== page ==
Many people believe that they can experiment with drugs like crystal meth without experiencing the long-term effects. However, even one dose of a substance begins to change your brain in ways that may lead to addiction development. In addition, you can become dependent on methamphetamines after using them one time. Meth withdrawal occurs when your body acclimates to the drugs and begins struggling to function normally without it.
How You Become Dependent On Meth
Many stimulants cause an increase in dopamine and serotonin when taken. These feel-good neurotransmitters are what cause feelings of euphoria.
In addition, crystal meth is a powerful substance made from cooking amphetamines with other toxic chemicals that intensify their effects. Depending on the dosage and method of consumption, the high can last for up to twelve hours.
Your body releases dopamine from participating in pleasure-inducing activities. For example, these might include eating, hanging out with friends, or exercising. This is a natural cognitive function that rewards you for positive behavior. Because dopamine levels increase when you take meth, your body perceives the drug as rewarding. Therefore, users may continue taking the drug to prevent positive feelings from dissipating.
Furthermore, as the effects of the drug wear off, users often feel like they’re crashing. Consequently, they may start feeling bad. The body isn’t getting the dopamine surge it craves, and users may have an intense desire to continue substance abuse.
What Is Meth Withdrawal Like?
Most of the meth withdrawal symptoms contrast with the euphoria felt when high. For example, meth can make you lose your appetite and stay awake all night. However, when you stop taking it, you may feel extremely hungry and tired.
Overall, meth users don’t often experience the flu-like symptoms that alcohol and heroin withdrawal cause. In the first 24 hours after their last dose, users may feel exhausted and anxious. Hallucinations are possible as well.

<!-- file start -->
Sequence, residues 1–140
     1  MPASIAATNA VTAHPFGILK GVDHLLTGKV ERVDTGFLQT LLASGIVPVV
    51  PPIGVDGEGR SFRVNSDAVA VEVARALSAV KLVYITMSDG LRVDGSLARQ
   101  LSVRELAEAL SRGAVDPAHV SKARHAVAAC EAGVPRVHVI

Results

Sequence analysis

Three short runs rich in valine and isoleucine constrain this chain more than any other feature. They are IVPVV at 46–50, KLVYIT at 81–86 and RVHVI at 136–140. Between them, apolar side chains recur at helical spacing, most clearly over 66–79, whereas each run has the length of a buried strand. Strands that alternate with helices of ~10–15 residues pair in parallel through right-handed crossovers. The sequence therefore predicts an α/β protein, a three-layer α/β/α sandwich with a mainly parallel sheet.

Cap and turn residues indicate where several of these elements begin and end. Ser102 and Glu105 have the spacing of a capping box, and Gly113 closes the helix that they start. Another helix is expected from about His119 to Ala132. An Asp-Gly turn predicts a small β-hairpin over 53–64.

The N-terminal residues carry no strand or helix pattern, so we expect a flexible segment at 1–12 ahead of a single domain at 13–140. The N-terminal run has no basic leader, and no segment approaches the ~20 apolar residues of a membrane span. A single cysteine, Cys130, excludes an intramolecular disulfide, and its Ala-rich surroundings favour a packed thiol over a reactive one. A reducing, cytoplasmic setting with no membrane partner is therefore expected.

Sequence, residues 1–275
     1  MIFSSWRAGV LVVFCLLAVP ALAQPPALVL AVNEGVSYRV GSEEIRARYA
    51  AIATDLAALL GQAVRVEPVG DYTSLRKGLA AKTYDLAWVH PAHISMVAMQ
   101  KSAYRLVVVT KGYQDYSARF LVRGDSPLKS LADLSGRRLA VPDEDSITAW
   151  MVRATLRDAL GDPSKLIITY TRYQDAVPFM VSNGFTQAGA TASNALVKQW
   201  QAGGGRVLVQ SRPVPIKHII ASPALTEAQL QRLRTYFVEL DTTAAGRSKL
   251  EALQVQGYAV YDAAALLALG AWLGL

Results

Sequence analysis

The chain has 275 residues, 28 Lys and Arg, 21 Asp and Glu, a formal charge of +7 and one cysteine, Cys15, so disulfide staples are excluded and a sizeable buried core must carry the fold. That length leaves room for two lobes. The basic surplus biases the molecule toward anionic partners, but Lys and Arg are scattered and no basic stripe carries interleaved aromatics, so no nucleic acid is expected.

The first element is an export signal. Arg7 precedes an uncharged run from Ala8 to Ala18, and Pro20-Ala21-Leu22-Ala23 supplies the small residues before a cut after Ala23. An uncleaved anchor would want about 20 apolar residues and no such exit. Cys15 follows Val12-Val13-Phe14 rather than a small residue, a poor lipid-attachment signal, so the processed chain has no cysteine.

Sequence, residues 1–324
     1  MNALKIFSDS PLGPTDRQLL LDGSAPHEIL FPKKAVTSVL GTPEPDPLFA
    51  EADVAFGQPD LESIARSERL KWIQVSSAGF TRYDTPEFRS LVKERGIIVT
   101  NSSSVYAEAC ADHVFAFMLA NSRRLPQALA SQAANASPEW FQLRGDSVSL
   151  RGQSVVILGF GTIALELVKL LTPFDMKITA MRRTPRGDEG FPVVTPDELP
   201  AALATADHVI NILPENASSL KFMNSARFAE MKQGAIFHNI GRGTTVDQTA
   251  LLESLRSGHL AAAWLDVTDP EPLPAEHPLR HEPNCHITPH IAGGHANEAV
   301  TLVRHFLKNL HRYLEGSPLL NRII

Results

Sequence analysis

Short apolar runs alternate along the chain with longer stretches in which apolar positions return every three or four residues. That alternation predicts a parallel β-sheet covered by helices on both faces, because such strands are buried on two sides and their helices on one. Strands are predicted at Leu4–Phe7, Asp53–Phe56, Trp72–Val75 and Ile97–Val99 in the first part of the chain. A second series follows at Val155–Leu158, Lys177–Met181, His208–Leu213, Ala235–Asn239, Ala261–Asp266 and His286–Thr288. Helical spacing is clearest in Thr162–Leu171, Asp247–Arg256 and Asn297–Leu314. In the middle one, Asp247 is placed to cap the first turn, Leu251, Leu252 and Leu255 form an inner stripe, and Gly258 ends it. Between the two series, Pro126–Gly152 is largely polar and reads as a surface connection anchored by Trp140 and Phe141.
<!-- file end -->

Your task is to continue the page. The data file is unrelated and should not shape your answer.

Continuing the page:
For the next week, previous users may crave the drug, have trouble concentrating, and experience painful headaches. They may also feel go through depression. This can be exacerbated by the weight gain that often accompanies quitting. Mood swings can continue for a few more weeks.
After a month, most people begin feeling better. They feel more balanced and are sleeping better. In addition, their energy begins to return.
Because the brain acclimates to the drug’s dopamine levels, users may find it difficult to feel happy for several months. Therefore, psychological support is crucial in order to help those in recovery manage depression.
What Affects The Meth Withdrawal Experience?
Everyone goes through different drug withdrawal symptoms. The length of time you continue using the drug, the amount taken each time and the method of consumption all affect withdrawal symptoms. The more your body acclimates to the ever-present dopamine levels, the more uncomfortable withdrawal may be.
However, nourishing yourself physically and psychologically during this time can improve the likelihood of success. Overall, you’ll need to learn how to connect with yourself, manage stress, and avoid triggers. Understanding these needs and transitioning properly to your daily routine can help you stay sober.
Choosing Rehab Services at Steps to Recovery
At Steps to Recovery, we offer a number of services to help you achieve sobriety. Our treatment programs include:
- Addiction interventions
- Partial hospitalization program
- Intensive outpatient program
- Outpatient program
- Sober living
Our admissions team is available 24/7 to listen to your concerns, answer questions, and help you learn to control your substance abuse disorder. Call us at 267.719.8528 to find out how we can support your recovery journey.
Get the Support You Need – Call 267.719.8528